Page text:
As I was driving home from work tonight I managed to listen to a really great episode of Ideas on CBC radio. The show talked about how a study claiming psychic powers were real managed to get published in a reputable psychology journal because the results were statistically significant at the 95% confidence level.
This led to a crisis in the field and the realization that we can’t be 95% confident in the 95% confidence level because scientists cherry pick which way they’re going to analyze the data, so that 95% is a biased sample of what they’re trying to measure (a phenomenon known as p-hacking). Kind of reminds me of how people only report their highest ever score when telling their IQ.
It turns out that only about one third to one half of all psychological claims proven at the 95% confidence level can be replicated by independent researchers. In other words, there’s regression to the mean.
And it’s not just psychology but almost the entire field of science is afflicted by this replication crisis.
The psychological question of what makes people want to play casino games has never been too much of a mystery. Casino environments are basically built to give us little surges of adrenaline and dopamine. There are exciting sounds and visuals on gaming machines signifying victory; there’s a thrill in raking in a small stack of chips at a poker table, even if you’ve lost your previous 10 hands; somebody is always winning somewhere, effectively giving you continual previews of the joy and excitement you too could feel. The incentive, so to speak, is right there in front of you (or rather, all around you).
When it comes to sport and event betting, however, motivation and incentive are a little bit murkier. Next to casino play, this side of the gambling business is positively dull: casino sportsbooks are essentially more depressing versions of sports bars, and betting slips are about as bland to look at as grocery store receipts. Nothing jingles or flashes if you win, and you aren’t immediately gifted with colorful tokens representing your winnings. So what exactly makes people want to bet? We’re digging into some of the psychological motivators and reasons below.
The Same Old Reasons
There are actually some fairly academic looks into the psychology of sports betting, and really they turn up the same old reasons behind gambling that most of us are at least vaguely familiar with – the things that are somewhat foundational, impacting us before the excitement of a casino environment even comes into play. Most notably, it’s risk and reward. The risk of gambling produces adrenaline in and of itself; we almost inherently like putting something on the line and not knowing if it will pay off (though interestingly, men seem to enjoy this more than women, based on studies). As for reward, it’s fairly self-explanatory. We also enjoy gambling not because of the activity itself, but because we like the possibility of the rewards it could bring about. The most basic way to understand this psychology is just to think about why people keep buying lottery tickets – but it factors into sports betting as well.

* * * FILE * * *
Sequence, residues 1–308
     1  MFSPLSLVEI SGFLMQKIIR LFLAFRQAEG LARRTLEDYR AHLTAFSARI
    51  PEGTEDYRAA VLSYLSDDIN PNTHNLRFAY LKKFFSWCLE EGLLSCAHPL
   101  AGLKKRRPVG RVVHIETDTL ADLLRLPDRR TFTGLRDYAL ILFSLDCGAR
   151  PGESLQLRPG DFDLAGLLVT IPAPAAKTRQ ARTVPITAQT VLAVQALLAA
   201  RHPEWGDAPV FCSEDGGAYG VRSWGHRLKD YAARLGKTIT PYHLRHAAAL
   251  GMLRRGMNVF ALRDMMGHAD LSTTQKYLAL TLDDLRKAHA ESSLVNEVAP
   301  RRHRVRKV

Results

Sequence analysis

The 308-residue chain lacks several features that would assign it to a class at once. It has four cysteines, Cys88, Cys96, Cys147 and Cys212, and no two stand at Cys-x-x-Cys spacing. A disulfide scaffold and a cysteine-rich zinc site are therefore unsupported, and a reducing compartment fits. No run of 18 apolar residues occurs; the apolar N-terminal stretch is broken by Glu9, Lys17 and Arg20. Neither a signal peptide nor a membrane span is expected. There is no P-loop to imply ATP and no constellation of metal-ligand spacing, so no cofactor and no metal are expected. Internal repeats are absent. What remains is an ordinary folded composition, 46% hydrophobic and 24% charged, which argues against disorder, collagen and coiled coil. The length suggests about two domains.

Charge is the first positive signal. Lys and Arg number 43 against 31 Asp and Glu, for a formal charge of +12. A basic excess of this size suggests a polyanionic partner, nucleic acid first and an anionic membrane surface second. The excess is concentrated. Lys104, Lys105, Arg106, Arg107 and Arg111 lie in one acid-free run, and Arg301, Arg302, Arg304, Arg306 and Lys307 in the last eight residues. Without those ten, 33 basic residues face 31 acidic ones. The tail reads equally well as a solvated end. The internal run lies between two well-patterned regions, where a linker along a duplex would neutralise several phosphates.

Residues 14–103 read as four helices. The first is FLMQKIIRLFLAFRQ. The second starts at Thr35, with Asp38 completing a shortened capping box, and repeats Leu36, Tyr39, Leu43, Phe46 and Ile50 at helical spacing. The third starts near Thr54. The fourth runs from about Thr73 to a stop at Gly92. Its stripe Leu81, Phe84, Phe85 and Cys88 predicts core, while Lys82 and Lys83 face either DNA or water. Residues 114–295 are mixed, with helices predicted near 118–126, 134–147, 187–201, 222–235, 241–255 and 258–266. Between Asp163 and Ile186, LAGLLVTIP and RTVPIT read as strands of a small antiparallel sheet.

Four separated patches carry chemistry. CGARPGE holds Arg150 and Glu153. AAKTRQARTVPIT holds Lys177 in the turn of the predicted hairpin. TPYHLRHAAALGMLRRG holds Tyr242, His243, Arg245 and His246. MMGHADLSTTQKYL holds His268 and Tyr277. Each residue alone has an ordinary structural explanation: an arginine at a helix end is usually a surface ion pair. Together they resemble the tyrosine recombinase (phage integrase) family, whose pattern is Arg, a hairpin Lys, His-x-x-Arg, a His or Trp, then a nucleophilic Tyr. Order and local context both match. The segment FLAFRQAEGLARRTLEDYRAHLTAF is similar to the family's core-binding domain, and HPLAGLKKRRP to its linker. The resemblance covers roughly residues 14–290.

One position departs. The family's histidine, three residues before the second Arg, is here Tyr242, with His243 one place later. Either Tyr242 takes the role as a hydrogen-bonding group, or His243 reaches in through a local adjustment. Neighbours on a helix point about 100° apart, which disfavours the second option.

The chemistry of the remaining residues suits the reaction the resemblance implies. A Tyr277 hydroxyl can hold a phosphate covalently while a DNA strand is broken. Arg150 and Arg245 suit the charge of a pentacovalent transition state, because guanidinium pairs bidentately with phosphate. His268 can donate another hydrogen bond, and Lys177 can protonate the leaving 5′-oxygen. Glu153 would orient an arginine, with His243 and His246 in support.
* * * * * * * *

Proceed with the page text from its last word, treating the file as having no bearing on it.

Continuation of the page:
Belief In Knowledge
With more specific regard to sports betting, there is also an element of the psychology that ties into people’s knowledge of the subject at hand. We tend to bet on sports (or events, politics, etc.) that we’re familiar with – that we think we know, and by extension, can predict. Studies have actually indicated that having greater knowledge of a given subject doesn’t necessarily correlate to more success betting, but that’s a hard thing for us to tell ourselves. If we feel like experts about something, we want to put that expertise to use in a practical, rewarding manner – just as we would in everyday life or with a work-related skill.
More and more we’re also seeing betting twisted into something resembling a game, which in turn allows bettors to feel as if knowledge and skill are playing a role. It’s no accident that the budding online gambling culture in New Jersey is compared and in some cases directly tied to the existing daily fantasy sports industry in the U.S. Before betting legalization started, daily fantasy was effectively taking advantage of legal loopholes and allowing people to gamble on outcomes within the boundaries of fantasy sports. This is a game, to most people – one that we at least perceive is decided to some extent based on our skills, knowledge, and decisions. The more opportunities we have to bet in this fashion, the more likely competitive instincts are to come into play. Simply put, we bet because we feel like we’re just playing games we know how to win.
Desire To Improve
There is also an element of loss aversion present in the psychology of sports betting. It may not get us to start betting in the first place, but it can certainly get us to keep at it once we’ve started, just as it’s so often responsible for keeping someone sitting at a poker table for too long. The idea, for those who aren’t familiar, is simply that the pain of losing is greater than the joy of winning. We care more when we lose a bet than when we win one. And because losing is essentially inherently more likely in betting, we have an easy recipe for staying interested. The more bets we lose, the less we want to walk away, and the surer we become that the next one will be a winner.